PM: the wealth of all members of the government will be made public.
8 APRIL 2013: France’s Socialist government has promised to publish details of individual ministers’ assets next week as it scrambled to stem a deepening scandal over a former budget minister’s secret foreign bank account.
Jerome Cahuzac quit his post in March and was placed under formal investigation for alleged tax fraud last week as he acknowledged he had been caught “in a spiral of lies” over his previous denials of holding a Swiss bank account.
The affair risks upsetting President Francois Hollande’s economic reform effort, with even left-wing allies criticising his handling of the scandal.
Hollande’s opinion poll ratings are already at record lows for his failure to tackle unemployment.
While government opponents are calling for more heads to roll, one minister said a hasty reshuffle would be unwise and it was more likely to happen a few weeks from now.
“We find ourselves in a more complicated situation than before in dealing with a difficult economic situation. We will probably have to have a reshuffle, but not right away,” the minister told reporters, asking not to be quoted by name.
The Cahuzac affair has dealt a grave blow to a 10-month-old government Hollande had promised would be beyond reproach.
Weekend surveys found 60% of the public want Hollande to reshuffle his team and three-quarters view most politicians and elected officials as corrupt.
“To begin with, wealth declarations of all the members of government will be made public by April 15,” Jean-Marc Ayrault, Hollande’s prime minister, said in a statement.
Ayrault said the move – which echoes requirements in the US and elsewhere for public officials to make asset declarations – would be followed by a law in the coming months setting out moral standards in public life.
The government will also put forward a law on financial transparency among ministers and other top officials by April 24, with plans for it to be adopted by the summer, he said in a statement.
Ayrault said in the statement that measures to boost financial transparency would be presented to a cabinet meeting tomorrow, adding he would meet with the speakers and faction chiefs of the lower and upper houses the following day.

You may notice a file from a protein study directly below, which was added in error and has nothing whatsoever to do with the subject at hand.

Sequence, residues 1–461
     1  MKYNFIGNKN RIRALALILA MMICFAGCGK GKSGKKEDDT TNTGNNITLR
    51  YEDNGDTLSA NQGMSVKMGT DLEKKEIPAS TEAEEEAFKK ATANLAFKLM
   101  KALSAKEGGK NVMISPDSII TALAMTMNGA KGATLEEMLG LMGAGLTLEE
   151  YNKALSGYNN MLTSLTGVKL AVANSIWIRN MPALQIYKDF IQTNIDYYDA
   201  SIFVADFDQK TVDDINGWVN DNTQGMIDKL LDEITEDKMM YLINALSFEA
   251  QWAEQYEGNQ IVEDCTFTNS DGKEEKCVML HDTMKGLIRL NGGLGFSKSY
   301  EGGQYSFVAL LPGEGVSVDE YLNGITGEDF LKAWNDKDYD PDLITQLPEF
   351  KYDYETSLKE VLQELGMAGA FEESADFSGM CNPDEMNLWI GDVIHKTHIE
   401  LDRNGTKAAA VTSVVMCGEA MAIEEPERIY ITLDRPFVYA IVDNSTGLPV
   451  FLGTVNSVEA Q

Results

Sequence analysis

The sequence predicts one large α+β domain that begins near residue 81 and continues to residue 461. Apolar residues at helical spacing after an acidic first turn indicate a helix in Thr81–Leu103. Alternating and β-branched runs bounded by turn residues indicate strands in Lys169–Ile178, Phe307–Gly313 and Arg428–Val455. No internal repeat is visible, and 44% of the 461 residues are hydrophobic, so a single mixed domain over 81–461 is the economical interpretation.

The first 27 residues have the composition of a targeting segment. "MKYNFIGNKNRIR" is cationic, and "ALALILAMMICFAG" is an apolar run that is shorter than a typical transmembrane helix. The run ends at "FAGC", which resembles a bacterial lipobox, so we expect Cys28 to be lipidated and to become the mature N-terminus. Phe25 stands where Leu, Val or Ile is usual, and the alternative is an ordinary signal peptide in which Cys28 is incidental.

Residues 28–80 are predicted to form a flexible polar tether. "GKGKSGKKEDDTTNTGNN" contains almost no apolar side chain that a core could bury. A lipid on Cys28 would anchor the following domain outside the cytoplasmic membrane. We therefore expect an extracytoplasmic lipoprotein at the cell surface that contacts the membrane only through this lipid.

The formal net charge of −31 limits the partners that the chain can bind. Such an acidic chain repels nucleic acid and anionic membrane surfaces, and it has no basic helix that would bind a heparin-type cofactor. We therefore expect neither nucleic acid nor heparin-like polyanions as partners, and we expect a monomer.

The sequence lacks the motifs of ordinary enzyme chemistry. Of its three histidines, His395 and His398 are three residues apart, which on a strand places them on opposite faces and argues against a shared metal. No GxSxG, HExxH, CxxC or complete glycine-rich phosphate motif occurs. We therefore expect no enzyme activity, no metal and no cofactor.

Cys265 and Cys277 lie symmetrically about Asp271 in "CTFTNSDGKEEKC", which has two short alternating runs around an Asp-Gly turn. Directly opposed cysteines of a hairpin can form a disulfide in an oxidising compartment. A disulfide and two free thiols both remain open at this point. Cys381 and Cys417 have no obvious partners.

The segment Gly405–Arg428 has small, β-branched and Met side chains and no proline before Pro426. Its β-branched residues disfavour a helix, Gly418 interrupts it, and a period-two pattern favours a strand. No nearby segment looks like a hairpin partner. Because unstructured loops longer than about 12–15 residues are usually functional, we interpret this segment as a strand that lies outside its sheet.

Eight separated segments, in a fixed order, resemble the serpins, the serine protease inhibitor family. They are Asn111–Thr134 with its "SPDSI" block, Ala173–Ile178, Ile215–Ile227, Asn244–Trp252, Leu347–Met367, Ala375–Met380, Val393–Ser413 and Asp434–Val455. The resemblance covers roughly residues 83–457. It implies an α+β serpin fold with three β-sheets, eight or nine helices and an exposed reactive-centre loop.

“The prime minister is preparing ... a package of measures to ensure complete transparency on the assets of politicians and staff working with ministers, the president and the prime minister,” the statement said.
He said measures would also be taken to “more severely punish breaches of the financial law and ethics and integrity rules, and to strengthen the fight against tax fraud and tax havens”.
Threatening an escalation of the Cahuzac scandal, Swiss RTS TV reported on Sunday, citing banking sources, that the minister had sought to transfer 15mn euros ($20mn) from one Swiss account to another – far more than the 600,000 euros he said last week he had in an undeclared foreign account.
Reached by Reuters yesterday, Cahuzac’s French lawyer declined to comment. BFM TV quoted his Swiss-based lawyer, Didier Bottge, as saying the report was “balderdash”.
Separately, Foreign Minister Laurent Fabius firmly denied local media speculation that he may also hold a Swiss account.
The fact that the man in charge of state coffers was cheating the tax authorities will not help Hollande’s efforts to convince a sceptical outside world that he has public finances under control as France falls short on its growth and deficit goals.
Finance Minister Pierre Moscovici, to whom Cahuzac reported, has rejected criticism from that he was too ready to believe Cahuzac’s denials and did not adequately investigate the matter.
Calls for protest action from Socialist Party allies betrayed a rift that could hamper Hollande’s efforts to pass labour and pension reforms deemed vital for the sickly economy.
Maverick far-left leader Jean-Luc Melenchon – a bugbear for Hollande since his rallies drew some of the biggest crowds of the 2012 election campaign – has called for a May 5 march to demand a “Sixth Republic” to be set up with a new constitution.
Former Greens Party head Eva Joly, a former anti-corruption judge still influential in a party the ruling Socialists count on as a parliamentary ally, said she would march with him.
Hollande has a slim parliamentary majority so could push through laws without far-left and Green backing.
However, with his approval ratings as low as 22%, noisy protests could limit the scope of his legislation.
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